When NBC launched American Song Contest this spring as a competition between acts from all 50 states and several territories, it cast a few previous hitmakers — including Michael Bolton and Macy Gray — among its all-genre competitors.
But the show may have also unearthed a future star from North Carolina who has been writing in the shadows in Nashville.
John Morgan is the first signee on Jason Aldean’s Night Train label, and has made the most of the association thus far — writing eight songs on Aldean’s current Macon, Georgia double album, including the Carrie Underwood collaboration “If I Didn’t Love You” and Aldean’s current solo single, “Trouble With a Heartbreak.”
But in American Song Contest, Morgan introduced his voice with an effectively smooth song, “Right in the Middle,” which also played up his home state, with a sly reference to a “Tar Heels hoodie” in the chorus. Morgan didn’t know it would be a TV competition piece when he wrote it in November of 2021, but he was adamant about not giving it away.
“I want to write the best song that we can write today — whether it’s for me or for Thomas Rhett or Jason Aldean, it doesn’t matter,” he says. “This specific day, I remember finishing this song and just being like, ‘This is something I want to do for my artist stuff.’ It was just something I connected to, and it just felt like me.”
It should, since Morgan was a driving force at the writing appointment with Rodney Clawson (“American Kids,” “Dirt”), Justin Wilson (“Kiss You in the Morning,” “Momma’s House”) and Will Bundy. He came in with the title, a bit of the chorus melody, and a general idea that it should be about spending time with a woman he would want to pursue were he not right in the middle of loving a memory.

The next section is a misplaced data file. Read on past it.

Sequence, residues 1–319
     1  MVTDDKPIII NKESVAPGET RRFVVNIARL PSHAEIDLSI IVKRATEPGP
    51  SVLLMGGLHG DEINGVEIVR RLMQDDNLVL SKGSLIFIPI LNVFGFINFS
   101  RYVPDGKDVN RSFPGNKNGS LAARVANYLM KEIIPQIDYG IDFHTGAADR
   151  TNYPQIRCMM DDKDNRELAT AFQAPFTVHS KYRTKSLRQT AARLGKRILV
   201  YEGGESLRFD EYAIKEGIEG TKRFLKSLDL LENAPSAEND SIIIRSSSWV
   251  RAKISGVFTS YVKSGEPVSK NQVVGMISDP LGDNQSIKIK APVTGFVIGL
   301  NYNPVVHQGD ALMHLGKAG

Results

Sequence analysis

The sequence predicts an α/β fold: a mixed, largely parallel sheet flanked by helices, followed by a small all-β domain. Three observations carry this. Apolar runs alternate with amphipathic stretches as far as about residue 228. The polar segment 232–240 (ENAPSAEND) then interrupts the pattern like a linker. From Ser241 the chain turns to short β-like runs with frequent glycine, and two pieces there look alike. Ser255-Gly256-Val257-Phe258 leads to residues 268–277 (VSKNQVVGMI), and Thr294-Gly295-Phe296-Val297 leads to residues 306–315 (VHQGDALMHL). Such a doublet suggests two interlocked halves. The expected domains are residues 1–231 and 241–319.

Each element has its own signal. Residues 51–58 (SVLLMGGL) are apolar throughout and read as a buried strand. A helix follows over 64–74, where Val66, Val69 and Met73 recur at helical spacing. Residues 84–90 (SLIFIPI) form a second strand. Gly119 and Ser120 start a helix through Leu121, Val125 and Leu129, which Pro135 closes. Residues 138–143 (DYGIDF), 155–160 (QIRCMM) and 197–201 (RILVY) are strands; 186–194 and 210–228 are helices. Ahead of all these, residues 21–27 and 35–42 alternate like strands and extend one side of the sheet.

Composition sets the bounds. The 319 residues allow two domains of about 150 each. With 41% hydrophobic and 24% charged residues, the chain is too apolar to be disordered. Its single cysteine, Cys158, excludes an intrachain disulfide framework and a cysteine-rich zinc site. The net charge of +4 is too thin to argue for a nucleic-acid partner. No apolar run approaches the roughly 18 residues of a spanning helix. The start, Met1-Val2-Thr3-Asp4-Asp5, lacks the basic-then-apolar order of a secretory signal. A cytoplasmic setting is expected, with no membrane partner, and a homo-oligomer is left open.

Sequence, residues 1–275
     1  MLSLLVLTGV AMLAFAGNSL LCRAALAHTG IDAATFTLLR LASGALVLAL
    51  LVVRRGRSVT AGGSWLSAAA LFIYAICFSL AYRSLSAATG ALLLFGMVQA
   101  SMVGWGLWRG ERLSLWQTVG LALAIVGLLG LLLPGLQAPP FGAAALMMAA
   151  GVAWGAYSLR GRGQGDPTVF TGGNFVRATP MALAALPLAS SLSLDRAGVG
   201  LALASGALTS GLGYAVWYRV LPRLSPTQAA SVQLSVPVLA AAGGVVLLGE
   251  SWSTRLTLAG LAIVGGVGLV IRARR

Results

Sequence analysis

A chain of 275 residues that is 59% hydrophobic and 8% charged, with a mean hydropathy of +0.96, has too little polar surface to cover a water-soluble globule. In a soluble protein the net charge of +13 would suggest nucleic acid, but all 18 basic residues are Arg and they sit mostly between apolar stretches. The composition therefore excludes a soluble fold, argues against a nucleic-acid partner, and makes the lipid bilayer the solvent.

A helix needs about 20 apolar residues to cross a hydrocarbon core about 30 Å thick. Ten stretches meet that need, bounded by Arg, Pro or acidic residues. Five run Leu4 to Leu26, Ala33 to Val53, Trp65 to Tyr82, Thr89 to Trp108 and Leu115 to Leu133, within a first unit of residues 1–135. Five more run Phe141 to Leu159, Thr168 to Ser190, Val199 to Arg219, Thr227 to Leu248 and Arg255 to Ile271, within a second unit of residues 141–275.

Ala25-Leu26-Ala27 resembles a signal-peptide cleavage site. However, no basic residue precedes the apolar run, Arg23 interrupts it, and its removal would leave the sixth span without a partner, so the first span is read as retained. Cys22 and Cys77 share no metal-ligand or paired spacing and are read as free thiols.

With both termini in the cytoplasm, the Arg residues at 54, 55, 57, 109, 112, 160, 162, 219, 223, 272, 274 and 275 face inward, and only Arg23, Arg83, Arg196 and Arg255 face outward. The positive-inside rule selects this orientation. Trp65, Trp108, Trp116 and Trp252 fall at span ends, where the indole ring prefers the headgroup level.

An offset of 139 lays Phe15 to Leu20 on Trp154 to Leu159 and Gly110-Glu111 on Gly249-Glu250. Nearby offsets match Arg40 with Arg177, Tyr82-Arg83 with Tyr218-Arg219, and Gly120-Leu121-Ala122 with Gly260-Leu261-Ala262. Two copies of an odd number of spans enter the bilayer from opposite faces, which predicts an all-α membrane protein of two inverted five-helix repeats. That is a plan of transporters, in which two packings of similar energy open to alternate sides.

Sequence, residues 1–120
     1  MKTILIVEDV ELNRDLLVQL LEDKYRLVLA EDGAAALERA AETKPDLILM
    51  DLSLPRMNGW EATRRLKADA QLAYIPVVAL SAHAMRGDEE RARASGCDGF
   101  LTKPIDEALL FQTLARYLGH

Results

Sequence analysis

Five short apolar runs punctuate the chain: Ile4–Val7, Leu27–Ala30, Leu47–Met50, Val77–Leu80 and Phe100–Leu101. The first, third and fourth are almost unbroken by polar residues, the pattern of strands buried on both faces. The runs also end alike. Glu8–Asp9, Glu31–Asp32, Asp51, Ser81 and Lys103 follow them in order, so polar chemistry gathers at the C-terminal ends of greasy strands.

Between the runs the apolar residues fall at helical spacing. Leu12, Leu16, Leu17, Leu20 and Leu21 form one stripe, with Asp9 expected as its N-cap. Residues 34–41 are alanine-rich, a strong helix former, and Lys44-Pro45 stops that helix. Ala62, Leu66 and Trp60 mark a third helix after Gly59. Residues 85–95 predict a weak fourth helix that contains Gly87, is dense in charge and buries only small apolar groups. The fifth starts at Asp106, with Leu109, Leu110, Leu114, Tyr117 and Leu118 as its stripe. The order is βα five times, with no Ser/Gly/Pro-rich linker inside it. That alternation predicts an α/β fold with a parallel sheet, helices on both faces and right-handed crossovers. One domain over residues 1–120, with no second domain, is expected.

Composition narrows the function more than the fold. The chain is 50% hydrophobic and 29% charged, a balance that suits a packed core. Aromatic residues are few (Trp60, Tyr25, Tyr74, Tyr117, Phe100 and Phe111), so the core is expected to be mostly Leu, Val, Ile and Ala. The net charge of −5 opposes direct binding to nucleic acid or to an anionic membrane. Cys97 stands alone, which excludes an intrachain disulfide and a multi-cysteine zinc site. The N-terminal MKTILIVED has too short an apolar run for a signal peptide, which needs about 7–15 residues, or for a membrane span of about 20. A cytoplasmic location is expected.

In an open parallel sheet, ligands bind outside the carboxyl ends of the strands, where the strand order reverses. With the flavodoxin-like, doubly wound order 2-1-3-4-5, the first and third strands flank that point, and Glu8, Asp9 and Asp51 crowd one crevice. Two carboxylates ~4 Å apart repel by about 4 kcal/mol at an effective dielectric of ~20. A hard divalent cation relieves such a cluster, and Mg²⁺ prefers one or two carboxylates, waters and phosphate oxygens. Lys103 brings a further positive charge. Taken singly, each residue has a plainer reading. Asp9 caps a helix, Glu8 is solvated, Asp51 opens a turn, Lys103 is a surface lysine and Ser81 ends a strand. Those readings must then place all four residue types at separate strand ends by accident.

“I had an idea in my phone that was similar to it that I had been wanting to write,” Wilson recalls. “I never really knew how to go about it. And when John came in and brought up ‘Right in the Middle’ and explained, ‘Hey, I ought to love everything about this. I’m just in love with this other girl still,’ I kind of spoke up: ‘I totally understand this.’ ”
Knowing where they were headed, they locked onto an opening line, “We’re two minutes into a three-minute song,” that serves as either a description of background music at a bar, or as a metaphor for the time the singer has invested in the evening with a “small-town stunner.” The “Middle” melody was understated, but it fit the protagonist’s emotional position, a blend of longing, heartbreak and nostalgia.
The chorus explained that mix, shifting focus from the woman in the room to the woman in the singer’s memory, addressed in the first person, as he flashes back to the two of them singing along to Tom Petty’s “Mary Jane’s Last Dance.” And he takes note that she “stole my Tar Heels hoodie and a piece of my heart.” Tar Heels is, of course, the team nickname for the University of North Carolina athletic department.
“We threw him a little home state love there,” Clawson says. “It’s funny because artists don’t ever come up with that themselves. Songwriters will say, ‘Well, if we’re going to do a hoodie, who’s your favorite team?’ ‘Tar Heels.’ ‘OK, well, let’s do that Tar Heels hoodie.’ ”
Just as the chorus seemed it would end, they slid into another section that gently repeated the title four more times, essentially stacking two choruses back-to-back for an extended set of hooks. It was singalong gold, but it also meant they would be chewing up a big chunk of the standard three-and-a-half minutes they would have for storytelling.